Hugh Scully's long years thinking on his feet in live television, first for the regional news show Points South West and then Nationwide, must have come to his aid as he muttered something about '1870 . . . major turning point . . . helped to shape the history of the 20th century'. Then Mrs Thatcher began talking, and Scully listened. In all, he listened for nearly 40 hours, as the cameras filmed the core interview of The Downing Street Years.
If there is a theme to Scully's diverse broadcasting career it is that 'most of my lucky breaks have been associated with ships and unfortunate circumstances'. His first assignment on radio was reporting on a vessel that caught fire in Southampton dock in 1963, and his first big exposure on network television came when the tanker Torrey Canyon struck a reef off the Scillies. But the scoop of scoops for his production company, Fine Art (founded in 1988), came when the good ship Margaret, cast off from its moorings at No 10, chose to reveal its log to the world.
Scully was born in Bradford- on-Avon at the end of the Second World War. But, because his father was stationed with the RAF in Malta and Egypt, he only came to England properly at 13, when he was sent to a Catholic boarding school in Bath. He got a job in 'artist liaison' with Steinway & Sons, the piano-makers. There, he rubbed shoulders with Rubinstein, but was sacked for 'bad time- keeping' and found himself at a loose end. Journalism beckoned, but no newspaper wanted to know - so he made speculative enquiries at the BBC.
'It was quite a cheeky letter: I gave them 10 good reasons why they ought to give me a job. They were looking for a temporary newsreader, so I had an audition. Much to my surprise I had a telegram immediately saying turn up at BBC Southampton the following Monday. I think I got the job purely on the basis of the voice.'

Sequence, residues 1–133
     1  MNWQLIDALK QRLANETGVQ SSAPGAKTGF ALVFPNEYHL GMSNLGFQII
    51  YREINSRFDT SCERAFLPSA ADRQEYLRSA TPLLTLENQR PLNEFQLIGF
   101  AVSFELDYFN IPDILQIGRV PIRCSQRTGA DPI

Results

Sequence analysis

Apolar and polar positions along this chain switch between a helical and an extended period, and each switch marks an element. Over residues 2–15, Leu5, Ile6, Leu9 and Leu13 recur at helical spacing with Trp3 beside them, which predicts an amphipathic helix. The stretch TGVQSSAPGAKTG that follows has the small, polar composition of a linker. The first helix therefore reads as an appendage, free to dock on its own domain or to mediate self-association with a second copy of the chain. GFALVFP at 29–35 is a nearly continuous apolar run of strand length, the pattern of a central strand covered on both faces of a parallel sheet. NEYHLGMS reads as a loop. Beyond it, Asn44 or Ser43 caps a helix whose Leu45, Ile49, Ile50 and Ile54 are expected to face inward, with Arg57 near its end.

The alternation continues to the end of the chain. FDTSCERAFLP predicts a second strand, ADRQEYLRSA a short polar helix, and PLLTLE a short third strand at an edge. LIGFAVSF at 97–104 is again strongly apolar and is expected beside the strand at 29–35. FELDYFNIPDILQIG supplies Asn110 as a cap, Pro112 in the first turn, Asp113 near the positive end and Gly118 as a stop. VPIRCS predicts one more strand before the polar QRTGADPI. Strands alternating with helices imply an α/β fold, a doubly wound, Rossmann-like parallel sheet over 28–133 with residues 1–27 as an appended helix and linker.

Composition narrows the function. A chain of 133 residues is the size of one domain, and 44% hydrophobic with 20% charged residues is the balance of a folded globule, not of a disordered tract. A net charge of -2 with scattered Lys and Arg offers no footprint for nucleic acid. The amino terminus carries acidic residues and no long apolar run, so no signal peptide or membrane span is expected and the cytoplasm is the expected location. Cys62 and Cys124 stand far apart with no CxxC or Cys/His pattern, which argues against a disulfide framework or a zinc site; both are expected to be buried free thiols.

His smoothly honed BBC English, all sculpted vowels with a hint of gravel, was only one asset. The fact that he has lasted so long in every job he has held - 16 years at the BBC in Plymouth, 18 years as presenter of Radio 4's Talking about Antiques and now into his 14th year presenting Antiques Roadshow - cannot be put down solely to the fact that he sounds and looks like an affable, mildly racy uncle. As with so many long-running broadcasting careers, chance played its part.
Scully's fortunes changed when a BBC producer visited his south Devon home, which was cheaply but tastefully furnished with antique bric-a-brac. When a presenter was needed for an antiques radio show, the producer remembered the regional link-man who owned the Welsh dresser and the button-back chair.
'I said, 'I don't know anything about antiques,' but he said, 'You've got a feel for it, and anyway we've got two experts in the team - your job is to simply chair the discussion and to ask the sort of questions that the ordinary punter would want to ask.' '
Off screen, his connoisseurship manifests itself in a collection of Georgian political cartoons. And when he talks about the houses in which he has lived - he and his wife Barbara, Fine Art's company secretary, have moved from south Devon to Torquay to Islington and last year back to the Lizard peninsula - he takes care to mention their architectural period.
If you're not interested in antiques, though, you're most likely to think of Scully as one of those regional faces from Nationwide who moved to London (in 1978) and became a national one.
'So many broadcasters had their first exposure through Nationwide. It was a marvellous formula. The BBC got tired of it because they thought it had lost its way. Maybe it had, but to throw the baby out with the bath water seems to me rather ill-advised.' He can't say too much, but Fine Art (also responsible for The Great British Garden Show) is currently pitching for a new show 'which sounds very much like Nationwide without the studio'.
Nationwide may be no more, but Scully's career shows no sign of flagging. Though he has always been a freelance, he has become a fixture at the BBC - like an old chair that you show off in the hallway, elegant and antique, but still solid and useful.
'I think it's dangerous to say you're part of the furniture because you can easily see the removal men coming. But it's the happiest period of my life because I've got a finger in every pie, and I'm not totally reliant any more on television. If the BBC did say goodbye to me, it would be an amicable parting of the ways, because I've got another life.'
'Antiques Roadshow' is shown at 5.30pm today, BBC1.